Estate Planning Lessons

Planned Giving

Lesson Two: Trusts for Family Security

Fourteen Reasons Why Your Will May Be Obsolete
Do you already have a will?  Great!  But is your will a vigorous, up-to-date, contemporary document that is ready for duty whenever the time comes?

Some people have wills that were drafted back during the Eisenhower administration, and without regular review and updating, such wills can sow confusion and expense for heirs. 

Here are 14 important events that may require a modification of your will:

1.  Marriage
2.  Birth of a child or grandchild
3.  A child reaching adulthood
4.  Divorce
5.  Death of a spouse
6.  Increase in the value of your assets
7.  Acquisition of new assets by gift or inheritance
8.  Giving away or selling assets mentioned in your will
9.  Death of a beneficiary named in your will
10. Changes in the needs of your beneficiaries
11. An executor or trustee dies, moves or becomes disabled
12. Relocation to a different state
13. Purchase or sale of real estate
14. A decision to make additional bequests, such as a gift for the future support of worthwhile causes and institutions

Take time at least once a year to review your will to assure that it is up-to-date with your current needs and circumstances.  New Year’s Day or your birthday can be logical “review dates.”

Have your lawyer look at your will every two or three years, as well.  Changes may have occurred in state or federal laws that could affect the taxation or distribution of your estate.  Revisions of the gift tax and estate tax laws have presented both tax relief and tax challenges for Americans.  Ask your advisers if your plans have been affected.

To make a small change, you may need only a “codicil.”  This is simply an amendment that will preserve most of the provisions of your existing will. To make major changes, a completely new will (which specifically revokes all prior wills) may be preferable.  Either way, you will need your attorney’s help.

Don’t Let the State Write Your Will
Each state has “intestacy” laws – rules governing how property is distributed where there is no valid will.  (Note that some assets will pass automatically to joint owners or to beneficiaries named on a life insurance policy or retirement account.)  Rarely will these intestacy laws mirror an individual’s own wishes.  For example:

A surviving spouse may be entitled to only one-third or one half of the estate, with the rest divided among the children.  With a will, a husband or wife can leave everything to the spouse, knowing that the children will be supported.

Property is generally divided equally among all children.  A parent who wishes to leave more to a younger child to pay for college, or to a child with special needs, can do so in a will.

Some states require the executor or personal representative to post a bond.  With a will, that requirement may be waived.

In most states, if there is no surviving spouse, or children or grandchildren, the estate passes to parents, siblings and nieces and nephews – some of whom may be utter strangers.  There are no provisions for the estate to pass to a close friend or to worthwhile organizations without a will.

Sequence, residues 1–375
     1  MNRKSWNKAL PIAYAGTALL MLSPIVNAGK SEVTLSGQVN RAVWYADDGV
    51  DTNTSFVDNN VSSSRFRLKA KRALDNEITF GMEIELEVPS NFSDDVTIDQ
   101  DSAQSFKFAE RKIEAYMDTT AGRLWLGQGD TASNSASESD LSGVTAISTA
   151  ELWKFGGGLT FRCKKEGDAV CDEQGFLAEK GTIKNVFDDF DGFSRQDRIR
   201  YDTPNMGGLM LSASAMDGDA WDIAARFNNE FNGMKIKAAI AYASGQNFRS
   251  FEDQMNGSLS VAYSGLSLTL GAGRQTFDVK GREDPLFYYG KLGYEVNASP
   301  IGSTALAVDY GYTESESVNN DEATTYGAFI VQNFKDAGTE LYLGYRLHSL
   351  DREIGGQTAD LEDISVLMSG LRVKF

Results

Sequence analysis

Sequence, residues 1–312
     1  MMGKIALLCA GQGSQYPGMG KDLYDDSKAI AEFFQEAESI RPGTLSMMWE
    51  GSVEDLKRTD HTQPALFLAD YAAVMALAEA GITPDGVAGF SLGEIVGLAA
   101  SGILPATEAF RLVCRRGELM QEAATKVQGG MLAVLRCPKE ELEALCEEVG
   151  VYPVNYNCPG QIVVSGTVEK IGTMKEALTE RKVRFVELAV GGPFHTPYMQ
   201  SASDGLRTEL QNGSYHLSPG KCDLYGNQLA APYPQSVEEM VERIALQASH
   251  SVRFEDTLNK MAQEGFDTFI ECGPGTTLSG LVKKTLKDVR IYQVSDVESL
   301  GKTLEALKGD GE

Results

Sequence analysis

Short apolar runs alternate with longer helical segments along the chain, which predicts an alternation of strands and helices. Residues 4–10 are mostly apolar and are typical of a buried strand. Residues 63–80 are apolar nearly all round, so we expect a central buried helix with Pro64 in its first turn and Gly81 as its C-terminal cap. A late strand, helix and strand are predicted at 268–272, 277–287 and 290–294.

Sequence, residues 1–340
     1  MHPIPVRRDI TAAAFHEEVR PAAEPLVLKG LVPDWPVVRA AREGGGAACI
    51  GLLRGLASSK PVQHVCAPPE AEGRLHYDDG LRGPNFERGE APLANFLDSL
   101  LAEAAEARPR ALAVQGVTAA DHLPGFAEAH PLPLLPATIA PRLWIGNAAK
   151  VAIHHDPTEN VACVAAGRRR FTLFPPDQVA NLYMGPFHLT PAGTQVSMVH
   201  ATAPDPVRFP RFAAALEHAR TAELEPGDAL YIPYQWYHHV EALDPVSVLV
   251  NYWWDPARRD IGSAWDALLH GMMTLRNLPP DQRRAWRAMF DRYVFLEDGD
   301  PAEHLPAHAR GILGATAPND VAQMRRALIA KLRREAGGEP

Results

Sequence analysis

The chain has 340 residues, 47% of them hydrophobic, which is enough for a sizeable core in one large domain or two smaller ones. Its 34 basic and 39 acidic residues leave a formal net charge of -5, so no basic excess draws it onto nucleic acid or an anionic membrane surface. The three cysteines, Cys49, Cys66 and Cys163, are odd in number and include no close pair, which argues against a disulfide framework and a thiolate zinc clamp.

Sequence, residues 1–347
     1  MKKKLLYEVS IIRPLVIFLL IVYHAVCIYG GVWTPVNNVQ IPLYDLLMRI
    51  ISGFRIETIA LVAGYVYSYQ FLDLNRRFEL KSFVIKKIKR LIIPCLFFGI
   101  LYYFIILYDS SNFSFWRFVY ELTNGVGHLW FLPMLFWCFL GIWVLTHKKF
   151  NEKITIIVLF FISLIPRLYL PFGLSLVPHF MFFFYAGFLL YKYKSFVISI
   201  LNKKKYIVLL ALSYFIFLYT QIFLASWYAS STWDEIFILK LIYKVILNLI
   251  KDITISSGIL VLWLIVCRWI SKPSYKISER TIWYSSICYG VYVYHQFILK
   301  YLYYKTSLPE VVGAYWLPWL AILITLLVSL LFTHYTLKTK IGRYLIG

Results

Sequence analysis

State laws on intestacy are undoubtedly well-intended. But doesn’t it make sense to make your own plans through a carefully crafted, up-to-date will?

Choosing Your Executor
Considerable thought should be devoted to carefully choosing an executor (personal representative) who will be your legal representative at death.  Your executor will be legally responsible for settling your estate and carrying out all the provisions of your will.  It is not an easy task, even though an estate attorney provides legal assistance.  Your executor will have to collect and preserve assets, wind up accounting procedures, file tax returns and worry about investments and cash needs.

Ideally, your executor would be not only fully competent to perform such tasks, but also sincerely disposed and motivated to meet the important and unique needs of your particular beneficiaries, including helping them with any special problems that may arise after your death.

You may nominate your husband or wife as your executor, or a competent and experienced friend or relative, or the trust department of a bank.  Or you may wish to follow the example of many who name a spouse, friend or relative together with the trust department of a bank to serve as co-executors.

Write a Letter to Your Executor
Next time you review your will, examine how detailed the provisions are.  Your will probably uses broad categories to dispose of your estate, such as “the residue of my estate to my children.”

How can you make sure items of personal property pass to “the right person”?  You can prepare a letter of instruction to the attention of your executor.  This is not a legal document, so you can write the letter yourself and revise it whenever you feel it is necessary.  A letter of instruction allows you to direct certain items to a specific beneficiary, such as “my diamond earrings to my sister Eileen.”  This gives you the satisfaction of knowing that your property will go to someone for whom it has meaning.  It also prevents disputes over the division of items in your estate.


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